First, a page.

The last federal minimum wage increase – to $7.25 per hour, from $6.55 per hour – occurred on July 24, 2009. In the years since Congress last increased the minimum wage, state and local leaders across the country have introduced countless minimum wage proposals, activists have worked to place ballot measures before voters, and companies have taken it upon themselves to increase wages for workers.
This year is no different. In 2018, legislators in 33 states and Congress have introduced nearly 150 bills to increase the minimum wage and ballot measures are possible in four states thus far.
Currently, 29 states and Washington, D.C. have minimum wages above the federal minimum wage. In January, 18 states saw their minimum wages rise. Of those 18 states, eight index their minimum wages to rise with inflation (Minnesota indexed its minimum wage starting this year after scheduled increases), which resulted in incremental increases this year. The remaining states increased their minimum wages on schedules laid out in statutes passed in previous sessions.
Increases range from a dollar or more in two states – Rhode Island (+$1.50) and Maine (+$1.00) – to only a few cents in states that index their minimum wage to inflation ($0.04 in Alaska to $0.20 in South Dakota).
And, according to legislative consultancy MultiState Associates, the 2018 elections are driving activity this year, as minimum wage increases are popular with voters. This encourages legislators to take action on minimum wage to gain favor with the electorate, while activists place measures on the ballot, where the increases may face better odds of passage.
In 2014, a Pew Research Center poll found that 73 percent of those surveyed favored a minimum wage increase to $10.10 per hour. A 2016 HuffPost/YouGov survey found that 66 percent supported an increase to the same amount, and 59 percent supported an increase to $12 per hour. Election night results from 2014 and 2016 support these findings. In 2014, voters in four states – Alaska, Arkansas, Nebraska, and South Dakota – increased the state minimum wages via ballot. In 2016, ballot measures were successful in an additional four states – Arizona, Colorado, Maine, and Washington. These ballot measures account for most of the states that have not introduced legislation to raise the minimum wage this year, along with California and Oregon, which increased their minimum wages legislatively in 2016.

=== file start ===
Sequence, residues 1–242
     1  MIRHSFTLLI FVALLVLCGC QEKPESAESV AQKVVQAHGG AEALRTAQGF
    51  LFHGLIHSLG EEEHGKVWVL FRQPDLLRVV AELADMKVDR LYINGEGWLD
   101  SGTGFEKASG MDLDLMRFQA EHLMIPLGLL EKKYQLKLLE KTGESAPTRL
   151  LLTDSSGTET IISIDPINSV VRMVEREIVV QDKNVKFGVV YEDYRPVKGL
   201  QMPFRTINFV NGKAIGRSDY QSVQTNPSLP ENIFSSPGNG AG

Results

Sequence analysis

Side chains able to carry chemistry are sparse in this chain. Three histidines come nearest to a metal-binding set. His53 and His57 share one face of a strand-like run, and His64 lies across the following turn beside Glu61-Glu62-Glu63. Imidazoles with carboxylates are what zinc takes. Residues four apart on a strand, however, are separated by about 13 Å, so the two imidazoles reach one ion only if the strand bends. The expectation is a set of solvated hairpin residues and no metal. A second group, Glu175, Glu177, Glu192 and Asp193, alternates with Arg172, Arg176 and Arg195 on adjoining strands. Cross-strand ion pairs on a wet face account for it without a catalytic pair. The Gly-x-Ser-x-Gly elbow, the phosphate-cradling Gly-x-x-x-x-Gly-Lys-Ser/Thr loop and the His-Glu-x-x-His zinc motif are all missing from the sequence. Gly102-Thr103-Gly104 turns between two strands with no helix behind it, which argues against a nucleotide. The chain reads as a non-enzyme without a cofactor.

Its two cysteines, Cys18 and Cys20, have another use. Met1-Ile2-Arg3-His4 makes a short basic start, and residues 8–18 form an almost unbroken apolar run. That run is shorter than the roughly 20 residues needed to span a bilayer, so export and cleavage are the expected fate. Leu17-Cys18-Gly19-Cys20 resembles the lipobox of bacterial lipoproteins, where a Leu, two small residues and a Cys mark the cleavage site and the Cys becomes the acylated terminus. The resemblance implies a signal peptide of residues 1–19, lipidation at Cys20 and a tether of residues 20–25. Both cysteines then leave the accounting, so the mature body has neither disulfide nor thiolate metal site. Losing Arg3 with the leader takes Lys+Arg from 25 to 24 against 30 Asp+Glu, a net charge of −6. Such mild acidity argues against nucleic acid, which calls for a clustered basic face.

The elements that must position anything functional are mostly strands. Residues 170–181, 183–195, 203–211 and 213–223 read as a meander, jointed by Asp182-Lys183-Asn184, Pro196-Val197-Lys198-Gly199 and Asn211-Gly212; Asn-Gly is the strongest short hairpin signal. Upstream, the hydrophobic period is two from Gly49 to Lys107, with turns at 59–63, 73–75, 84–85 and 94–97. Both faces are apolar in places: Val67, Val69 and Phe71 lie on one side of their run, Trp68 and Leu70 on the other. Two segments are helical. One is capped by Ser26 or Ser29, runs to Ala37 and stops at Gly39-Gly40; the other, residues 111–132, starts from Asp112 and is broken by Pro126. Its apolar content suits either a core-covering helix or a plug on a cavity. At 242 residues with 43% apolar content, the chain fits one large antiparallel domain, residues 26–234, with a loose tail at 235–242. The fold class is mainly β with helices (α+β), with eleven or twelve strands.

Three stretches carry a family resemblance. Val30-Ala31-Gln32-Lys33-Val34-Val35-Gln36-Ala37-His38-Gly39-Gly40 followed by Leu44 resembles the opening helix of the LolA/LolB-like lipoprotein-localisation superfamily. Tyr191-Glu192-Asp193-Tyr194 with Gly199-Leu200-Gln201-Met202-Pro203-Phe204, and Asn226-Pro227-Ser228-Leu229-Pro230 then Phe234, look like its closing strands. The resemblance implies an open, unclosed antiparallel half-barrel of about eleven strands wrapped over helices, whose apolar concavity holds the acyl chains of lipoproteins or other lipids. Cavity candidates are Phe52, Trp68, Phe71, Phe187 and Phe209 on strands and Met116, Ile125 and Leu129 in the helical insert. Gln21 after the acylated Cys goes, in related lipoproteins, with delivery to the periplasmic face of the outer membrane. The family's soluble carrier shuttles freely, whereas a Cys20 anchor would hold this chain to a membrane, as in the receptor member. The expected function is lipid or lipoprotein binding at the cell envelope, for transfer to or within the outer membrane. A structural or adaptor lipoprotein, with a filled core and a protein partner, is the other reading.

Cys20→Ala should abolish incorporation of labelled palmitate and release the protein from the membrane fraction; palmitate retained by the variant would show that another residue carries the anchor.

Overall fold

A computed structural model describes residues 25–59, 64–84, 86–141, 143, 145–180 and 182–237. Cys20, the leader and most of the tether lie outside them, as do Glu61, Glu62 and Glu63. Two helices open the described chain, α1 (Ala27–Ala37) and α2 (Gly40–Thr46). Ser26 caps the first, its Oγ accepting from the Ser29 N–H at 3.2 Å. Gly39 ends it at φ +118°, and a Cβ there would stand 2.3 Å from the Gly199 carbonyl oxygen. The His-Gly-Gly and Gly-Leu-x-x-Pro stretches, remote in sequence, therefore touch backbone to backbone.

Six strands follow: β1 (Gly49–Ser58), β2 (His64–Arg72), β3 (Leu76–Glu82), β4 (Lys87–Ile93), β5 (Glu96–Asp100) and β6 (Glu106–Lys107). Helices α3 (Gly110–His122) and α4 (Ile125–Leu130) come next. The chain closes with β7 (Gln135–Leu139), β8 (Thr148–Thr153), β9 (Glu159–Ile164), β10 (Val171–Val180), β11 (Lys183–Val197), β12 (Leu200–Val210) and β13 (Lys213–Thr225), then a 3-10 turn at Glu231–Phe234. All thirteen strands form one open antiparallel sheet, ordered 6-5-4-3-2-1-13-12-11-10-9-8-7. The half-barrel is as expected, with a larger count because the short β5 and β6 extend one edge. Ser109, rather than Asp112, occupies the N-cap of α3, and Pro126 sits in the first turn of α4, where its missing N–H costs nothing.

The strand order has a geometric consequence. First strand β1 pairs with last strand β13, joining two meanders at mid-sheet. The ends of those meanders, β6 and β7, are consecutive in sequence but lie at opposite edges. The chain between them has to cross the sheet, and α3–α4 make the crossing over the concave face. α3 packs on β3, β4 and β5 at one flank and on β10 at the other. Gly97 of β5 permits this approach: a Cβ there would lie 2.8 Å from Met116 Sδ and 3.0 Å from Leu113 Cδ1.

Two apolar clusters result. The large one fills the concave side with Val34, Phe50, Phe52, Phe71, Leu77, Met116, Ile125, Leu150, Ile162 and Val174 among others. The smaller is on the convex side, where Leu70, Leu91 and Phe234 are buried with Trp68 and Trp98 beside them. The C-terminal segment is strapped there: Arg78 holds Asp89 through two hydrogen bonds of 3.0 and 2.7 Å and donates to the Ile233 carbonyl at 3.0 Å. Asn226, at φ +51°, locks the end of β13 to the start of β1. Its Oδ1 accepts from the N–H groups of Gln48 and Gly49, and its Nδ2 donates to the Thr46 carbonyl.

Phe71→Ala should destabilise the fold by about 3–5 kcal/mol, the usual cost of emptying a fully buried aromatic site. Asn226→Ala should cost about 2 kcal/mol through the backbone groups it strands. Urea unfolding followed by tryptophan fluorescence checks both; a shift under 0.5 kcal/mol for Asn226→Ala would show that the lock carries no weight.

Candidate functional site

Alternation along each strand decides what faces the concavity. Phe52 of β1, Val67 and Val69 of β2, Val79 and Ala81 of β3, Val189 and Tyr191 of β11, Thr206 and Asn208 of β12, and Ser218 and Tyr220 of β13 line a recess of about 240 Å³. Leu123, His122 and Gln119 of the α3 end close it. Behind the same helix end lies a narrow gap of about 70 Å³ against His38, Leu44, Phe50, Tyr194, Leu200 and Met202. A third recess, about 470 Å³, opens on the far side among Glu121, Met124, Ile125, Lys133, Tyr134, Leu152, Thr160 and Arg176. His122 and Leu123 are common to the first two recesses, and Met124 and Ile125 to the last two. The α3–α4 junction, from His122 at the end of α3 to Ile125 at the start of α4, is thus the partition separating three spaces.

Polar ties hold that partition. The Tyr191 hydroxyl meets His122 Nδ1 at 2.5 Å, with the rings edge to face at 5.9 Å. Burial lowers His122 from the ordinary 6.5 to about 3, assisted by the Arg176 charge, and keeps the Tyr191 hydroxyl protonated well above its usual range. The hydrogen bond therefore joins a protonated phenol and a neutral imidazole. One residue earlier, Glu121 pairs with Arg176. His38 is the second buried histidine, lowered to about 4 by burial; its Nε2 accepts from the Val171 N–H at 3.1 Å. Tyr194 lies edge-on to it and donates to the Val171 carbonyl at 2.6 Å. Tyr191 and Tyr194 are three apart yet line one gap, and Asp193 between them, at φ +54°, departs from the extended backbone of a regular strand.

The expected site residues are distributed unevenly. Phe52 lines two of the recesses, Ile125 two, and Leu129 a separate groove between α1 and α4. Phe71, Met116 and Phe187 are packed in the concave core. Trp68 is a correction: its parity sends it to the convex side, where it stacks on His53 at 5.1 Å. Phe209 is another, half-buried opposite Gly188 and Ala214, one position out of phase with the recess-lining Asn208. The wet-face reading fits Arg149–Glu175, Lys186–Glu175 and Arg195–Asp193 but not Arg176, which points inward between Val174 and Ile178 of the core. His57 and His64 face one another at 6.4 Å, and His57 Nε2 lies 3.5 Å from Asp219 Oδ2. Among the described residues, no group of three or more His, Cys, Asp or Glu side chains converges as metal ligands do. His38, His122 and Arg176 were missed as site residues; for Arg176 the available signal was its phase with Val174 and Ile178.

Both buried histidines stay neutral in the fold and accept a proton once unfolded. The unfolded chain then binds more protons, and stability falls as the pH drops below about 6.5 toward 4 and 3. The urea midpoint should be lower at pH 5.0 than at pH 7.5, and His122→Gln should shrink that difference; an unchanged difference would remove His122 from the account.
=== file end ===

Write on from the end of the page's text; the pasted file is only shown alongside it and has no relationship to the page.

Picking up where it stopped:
Though popular with voters, minimum wage increases via the ballot are not always popular with legislators. Currently, legislation is pending in Arizona, Maine, and Washington to roll back the measures that voters passed in 2016.
The Push to $15
In 2016, California, New York, and Oregon passed legislation to incrementally increase the states’ minimum wages to $15 per hour or near it. After these increases, $15 per hour became the new standard for legislation.
California’s increase raises the wage statewide to $15 per hour in 2022, while New York’s incremental increase to $15 per hour varies by location. Large employers in New York City are subject to a $15-per-hour minimum wage this year, but rates in Nassau, Suffolk, and Westchester counties will reach $15 per hour in 2021. The new law in Oregon also established location-based wages, with the wage gradually rising to $14.75 per hour in 2023.
Many proposals have included formulas for location-based increases, taking into account the differences in costs of living between urban and rural areas.
Economists continue to disagree on the effects of these minimum wage increases, which may have an impact as states and localities consider how to structure various proposals. One study, based on the 2015 minimum wage increase in Seattle, where wages increased 37 percent over a nine-month period for some workers, found that the increase led to a $125 monthly decrease in wages for the average low-wage worker as employers reduced staff and employee hours or put off new hiring.
Overall, however, a new study on the effects of 137 minimum wage increases since 1979 found, “on average, minimum-wage increases eliminated jobs paying below the new minimum, but added jobs paying at or above the new minimum. The two changes effectively cancel each other out.” In conjunction, these studies seem to favor a phased-in increase to the minimum wage and encourage lawmakers to take into account that these increases may have the potential to hurt the very workers that they attempt to help, particularly if the increase rises too high, too quickly, or occurs during a period of economic downturn.